Matched, p.10
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       Matched, p.10

         Part #1 of Matched series by Ally Condie
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Page 11

 

  They do not feel as true as they should.

  Em says something to Xander and he turns to answer. I stare straight ahead for a moment, thinking about how strange it is that I have started keeping secrets from Xander just as we have been Matched.

  “It’s been a few weeks since I’ve been able to spend Saturday night with al of you,” Ky says. I glance over at him as the lights begin to dim, softening his face and, somehow, lessening the space between us. His next words hold a trace of bitterness—only a trace, but more than I’ve ever heard from him. “Having my vocation keeps me busy. I’m glad you al don’t seem to mind. ”

  “It’s no trouble,” I say. “We’re your friends. ” But even as I say it, I wonder if we are. I don’t know him the way I know the others.

  “Friends. ” Ky says the word softly, and I wonder if he is thinking of the friends he must have had in the Outer Provinces.

  The theater goes dark. I know without looking that Ky isn’t turned toward me anymore and that Xander is. I look forward, straight into the black.

  I always enjoy these few seconds in the theater before a showing, when al is dark and I am waiting. I always feel a drop in my stomach—

  wondering if, when the lights of the showing come on, I might find myself completely alone. Or wondering if the lights won’t come up at al . I feel like I can’t be sure; not in that first moment. I don’t know why I like it.

  But of course the lights come on the screen and the showing begins and I am not alone. Xander sits on one side of me, Ky on the other, and in front of me the screen shows the beginnings of the Society.

  The cinematography is excel ent; swooping low across the blue ocean, the green of the coast, over snow-crowned mountains, and on into the golden fields of the Farmlands, over the white dome of our very own City Hal (the audience cheers when it comes into view). Across more rol ing green and gold toward another City, and another, and another. In each Province of the Society, people are likely cheering as they see their City—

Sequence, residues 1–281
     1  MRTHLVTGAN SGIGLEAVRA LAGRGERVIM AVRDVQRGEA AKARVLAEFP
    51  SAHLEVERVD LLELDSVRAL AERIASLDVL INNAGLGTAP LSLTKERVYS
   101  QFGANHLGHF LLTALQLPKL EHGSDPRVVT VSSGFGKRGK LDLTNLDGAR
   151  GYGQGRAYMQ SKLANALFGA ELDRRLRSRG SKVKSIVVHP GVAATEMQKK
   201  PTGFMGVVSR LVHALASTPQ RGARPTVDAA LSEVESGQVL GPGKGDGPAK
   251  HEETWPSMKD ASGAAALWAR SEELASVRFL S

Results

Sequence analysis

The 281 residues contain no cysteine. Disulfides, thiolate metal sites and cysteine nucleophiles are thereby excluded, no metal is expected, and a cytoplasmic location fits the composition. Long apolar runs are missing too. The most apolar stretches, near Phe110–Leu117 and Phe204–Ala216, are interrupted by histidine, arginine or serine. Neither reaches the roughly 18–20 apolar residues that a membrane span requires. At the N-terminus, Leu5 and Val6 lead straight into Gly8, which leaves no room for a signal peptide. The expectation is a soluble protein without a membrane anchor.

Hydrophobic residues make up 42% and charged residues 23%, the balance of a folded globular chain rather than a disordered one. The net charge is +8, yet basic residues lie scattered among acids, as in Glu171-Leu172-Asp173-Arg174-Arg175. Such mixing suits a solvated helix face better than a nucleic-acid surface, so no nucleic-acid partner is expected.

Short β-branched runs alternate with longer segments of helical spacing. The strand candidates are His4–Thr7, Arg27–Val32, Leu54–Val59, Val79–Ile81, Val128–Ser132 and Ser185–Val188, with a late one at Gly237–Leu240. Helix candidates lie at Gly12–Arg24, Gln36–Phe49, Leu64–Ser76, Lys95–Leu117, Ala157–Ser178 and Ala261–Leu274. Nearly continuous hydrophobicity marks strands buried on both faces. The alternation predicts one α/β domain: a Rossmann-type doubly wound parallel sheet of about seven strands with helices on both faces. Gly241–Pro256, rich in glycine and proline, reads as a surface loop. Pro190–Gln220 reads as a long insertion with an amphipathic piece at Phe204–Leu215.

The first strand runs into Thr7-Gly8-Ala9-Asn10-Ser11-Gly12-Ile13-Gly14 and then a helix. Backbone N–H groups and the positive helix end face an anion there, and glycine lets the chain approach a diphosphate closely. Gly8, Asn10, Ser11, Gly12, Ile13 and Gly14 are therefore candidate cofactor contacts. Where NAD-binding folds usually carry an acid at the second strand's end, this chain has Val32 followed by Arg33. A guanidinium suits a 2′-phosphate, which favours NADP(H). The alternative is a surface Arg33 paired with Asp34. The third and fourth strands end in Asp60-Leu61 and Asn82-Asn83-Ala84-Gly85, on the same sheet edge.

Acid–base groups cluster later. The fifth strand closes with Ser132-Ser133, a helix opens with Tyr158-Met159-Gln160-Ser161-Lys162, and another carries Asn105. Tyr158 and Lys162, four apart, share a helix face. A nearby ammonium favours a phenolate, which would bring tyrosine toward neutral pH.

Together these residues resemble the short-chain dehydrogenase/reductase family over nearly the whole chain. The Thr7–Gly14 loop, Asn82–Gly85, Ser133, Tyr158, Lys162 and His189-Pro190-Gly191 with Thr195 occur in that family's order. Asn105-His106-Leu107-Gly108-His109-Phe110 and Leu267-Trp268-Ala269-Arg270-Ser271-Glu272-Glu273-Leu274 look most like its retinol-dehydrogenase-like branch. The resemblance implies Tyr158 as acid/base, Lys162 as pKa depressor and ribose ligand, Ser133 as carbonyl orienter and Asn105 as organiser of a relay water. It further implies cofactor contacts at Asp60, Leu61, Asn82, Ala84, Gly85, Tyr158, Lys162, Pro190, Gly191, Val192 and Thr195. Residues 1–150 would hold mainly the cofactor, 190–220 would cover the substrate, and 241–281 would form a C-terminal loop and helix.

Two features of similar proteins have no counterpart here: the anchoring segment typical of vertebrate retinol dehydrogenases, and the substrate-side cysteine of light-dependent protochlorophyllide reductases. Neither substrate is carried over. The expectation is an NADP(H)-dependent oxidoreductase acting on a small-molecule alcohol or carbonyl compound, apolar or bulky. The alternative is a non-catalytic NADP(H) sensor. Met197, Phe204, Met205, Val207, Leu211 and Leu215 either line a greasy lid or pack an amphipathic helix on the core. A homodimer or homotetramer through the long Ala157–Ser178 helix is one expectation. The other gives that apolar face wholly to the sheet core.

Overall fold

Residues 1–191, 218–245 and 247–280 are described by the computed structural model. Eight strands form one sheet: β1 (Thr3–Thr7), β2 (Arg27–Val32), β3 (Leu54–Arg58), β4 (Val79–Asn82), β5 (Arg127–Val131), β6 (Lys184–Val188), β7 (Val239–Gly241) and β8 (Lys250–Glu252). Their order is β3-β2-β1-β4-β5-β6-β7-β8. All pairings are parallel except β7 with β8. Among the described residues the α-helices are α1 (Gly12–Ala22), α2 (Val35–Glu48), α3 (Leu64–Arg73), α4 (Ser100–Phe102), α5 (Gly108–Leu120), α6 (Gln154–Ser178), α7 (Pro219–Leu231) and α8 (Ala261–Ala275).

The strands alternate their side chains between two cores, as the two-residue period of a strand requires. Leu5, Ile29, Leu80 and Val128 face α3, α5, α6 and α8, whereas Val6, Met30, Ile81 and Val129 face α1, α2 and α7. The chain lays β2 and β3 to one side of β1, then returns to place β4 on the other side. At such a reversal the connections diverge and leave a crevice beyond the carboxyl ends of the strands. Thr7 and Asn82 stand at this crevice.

even if they have seen this showing before. When you see our Society like this, it’s hard not to feel proud. Which, of course, is the point.

  Ky takes a deep breath and I glance over at him. What I see surprises me. His eyes are wide and he has forgotten to keep his face stil and calm.

  Instead, it is alight with wonder. He seems to think that he is real y flying. He doesn’t even notice me watching.

  After that soaring beginning, however, the showing is basic. We go through how things used to be before the Society came into being and before everything worked according to statistics and predictions. Ky’s face settles back into its usual smooth expression; I keep sneaking glances over during different parts of the showing to see if he is reacting again. But he’s not.

  When they get to the part about the implementation of Matching, Xander turns to look at me. In the pale light from the screen, I see his smile and I smile back. Xander’s hand tightens on mine and I forget about Ky.

  Until the end.

  At the end, the showing takes us back to how things were before the Society. How things would be again if the Society fel . I don’t know what set they used for this, but it is almost laughable. They have gone over the top with the dramatic, barren redlands; the shabby little houses; the few sul en, hard, sad-looking actors walking around the dangerous, almost-empty streets. Then, as if out of nowhere, sinister black aircraft appear in the sky and the people run screaming away. The Anthem of the Society plays in the background, ornate higher notes crying across a strong bass line that pounds the feelings home.